Meet Congress' State of the Union Designated Survivors

PHOTO: President Barack Obama gives his State of the Union address before a joint session of Congress on Capitol Hill in Washington, Jan. 20, 2015 J. Scott Applewhite/AP Photo
President Barack Obama gives his State of the Union address before a joint session of Congress on Capitol Hill in Washington, Jan. 20, 2015

On State of the Union night, the White House takes no chances with the presidential chain of command, keeping one cabinet secretary away from the Capitol as a "designated survivor" in case of a catastrophic event.

Since 9/11, congressional leaders have done the same, selecting members to serve as designated survivors to ensure the continuity of the legislative branch.

“There has to be continuity,” said Michael Stokke, who served as deputy chief of staff to former House Speaker Dennis Hastert, R-Illinois. “If a plane hit the House when you’re in a joint session, you’re taking out a majority of Congress.”

Former Rep. George Miller, a California Democrat first elected to Congress in 1975, volunteered to serve as a designated survivor during President George W. Bush's second term, because he wanted to watch the State of the Union as his constituents did: on television.

“I said, ‘What do I have to do?’” Miller remembered asking then House Democratic Majority Leader Dick Gephardt, D-Missouri. “He said, ‘Stay away from the Capitol.’”

Miller, who served as a designated survivor in 2006 and on several other occasions before retiring in 2014, was instructed to spend those evenings in his Rayburn House Building office or the Capitol Hill home that he shared with Sens. Chuck Schumer and Dick Durbin.

“It may have been an undisclosed location … I didn’t tell anyone,” he quipped.

While it would take time for individual states to repopulate their congressional delegations and get Congress fully functioning after a worst-case-scenario event, the designated survivors would preserve valuable institutional knowledge, Stokke said.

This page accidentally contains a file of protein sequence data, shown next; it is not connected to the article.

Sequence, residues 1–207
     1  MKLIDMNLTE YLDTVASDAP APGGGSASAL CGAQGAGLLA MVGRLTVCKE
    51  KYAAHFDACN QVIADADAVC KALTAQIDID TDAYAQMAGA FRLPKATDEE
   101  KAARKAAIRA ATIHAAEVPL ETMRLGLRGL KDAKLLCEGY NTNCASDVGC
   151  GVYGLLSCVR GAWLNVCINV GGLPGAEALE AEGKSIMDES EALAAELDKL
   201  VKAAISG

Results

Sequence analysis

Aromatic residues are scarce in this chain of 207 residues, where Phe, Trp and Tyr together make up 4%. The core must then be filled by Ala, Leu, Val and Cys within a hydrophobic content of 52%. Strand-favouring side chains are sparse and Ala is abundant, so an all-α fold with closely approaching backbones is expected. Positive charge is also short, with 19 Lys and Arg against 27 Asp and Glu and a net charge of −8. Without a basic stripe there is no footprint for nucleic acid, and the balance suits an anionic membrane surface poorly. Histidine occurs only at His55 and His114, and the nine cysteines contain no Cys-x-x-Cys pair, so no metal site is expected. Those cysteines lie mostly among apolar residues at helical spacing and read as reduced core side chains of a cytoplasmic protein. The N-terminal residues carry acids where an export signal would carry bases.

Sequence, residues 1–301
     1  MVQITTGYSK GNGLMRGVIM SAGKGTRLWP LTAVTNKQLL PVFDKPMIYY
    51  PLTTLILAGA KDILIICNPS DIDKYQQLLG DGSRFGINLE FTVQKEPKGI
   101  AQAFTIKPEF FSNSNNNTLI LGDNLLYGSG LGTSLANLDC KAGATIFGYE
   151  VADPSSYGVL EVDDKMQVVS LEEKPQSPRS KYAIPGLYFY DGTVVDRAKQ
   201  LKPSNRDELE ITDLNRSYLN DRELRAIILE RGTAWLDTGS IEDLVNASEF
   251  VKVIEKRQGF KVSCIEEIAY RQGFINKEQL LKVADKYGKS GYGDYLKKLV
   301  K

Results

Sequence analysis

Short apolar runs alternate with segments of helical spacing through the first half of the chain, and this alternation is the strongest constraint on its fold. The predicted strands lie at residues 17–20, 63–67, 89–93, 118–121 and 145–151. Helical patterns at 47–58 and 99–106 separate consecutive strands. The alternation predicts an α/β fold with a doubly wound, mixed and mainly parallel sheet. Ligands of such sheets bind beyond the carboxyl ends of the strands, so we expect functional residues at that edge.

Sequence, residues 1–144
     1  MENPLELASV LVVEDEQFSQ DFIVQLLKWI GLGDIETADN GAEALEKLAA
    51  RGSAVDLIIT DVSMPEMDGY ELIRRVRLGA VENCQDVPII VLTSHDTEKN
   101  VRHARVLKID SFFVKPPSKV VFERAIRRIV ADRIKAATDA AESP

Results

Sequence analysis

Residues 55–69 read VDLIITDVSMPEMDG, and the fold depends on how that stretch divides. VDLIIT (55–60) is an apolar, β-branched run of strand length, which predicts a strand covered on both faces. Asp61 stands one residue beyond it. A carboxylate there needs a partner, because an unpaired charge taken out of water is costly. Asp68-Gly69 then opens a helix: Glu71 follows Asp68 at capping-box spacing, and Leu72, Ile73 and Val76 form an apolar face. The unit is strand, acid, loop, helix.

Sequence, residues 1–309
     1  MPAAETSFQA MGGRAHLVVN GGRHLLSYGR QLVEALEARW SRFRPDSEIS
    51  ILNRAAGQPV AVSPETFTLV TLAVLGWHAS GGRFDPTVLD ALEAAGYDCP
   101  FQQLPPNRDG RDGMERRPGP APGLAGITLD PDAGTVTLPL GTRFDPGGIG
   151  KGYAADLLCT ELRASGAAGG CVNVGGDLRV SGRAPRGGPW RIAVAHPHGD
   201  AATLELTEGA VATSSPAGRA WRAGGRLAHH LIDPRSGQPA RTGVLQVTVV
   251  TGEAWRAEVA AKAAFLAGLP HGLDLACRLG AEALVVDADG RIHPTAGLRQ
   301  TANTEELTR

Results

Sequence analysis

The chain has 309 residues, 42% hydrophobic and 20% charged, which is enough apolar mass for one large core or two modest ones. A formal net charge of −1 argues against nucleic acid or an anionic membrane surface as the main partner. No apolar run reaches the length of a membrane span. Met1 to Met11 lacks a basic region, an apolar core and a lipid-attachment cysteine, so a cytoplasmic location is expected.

“You need someone there to understand why we did certain things, and what rules applied to the House,” he said.

Hastert’s office asked members of the House Republican leadership to play the part, including Sen. Roy Blunt, R-Missouri, in 2002 and former House Majority Leader Eric Cantor, in 2006.

Miller, a senior Democrat who served as chairman of the House Education Committee, spent those “not very dramatic” nights taking notes on the president’s speech and talking to reporters.

While individual members of Congress miss State of the Union addresses for a myriad of reasons, it's not clear if the designated survivor practice will be continued this year.

While some officials approached by ABC News said the arrangement was no longer implemented, others were unfamiliar with the practice. Several declined to comment, citing security concerns.

Former North Dakota Democratic Sens. Kent Conrad and Byron Dorgan, who both spent a night at home at the request of Senate Democratic Leader Harry Reid’s office, said it felt odd missing the president’s speech.

“Sitting in that chamber is quite extraordinary,” said Dorgan, who served as a designated survivor in 2006.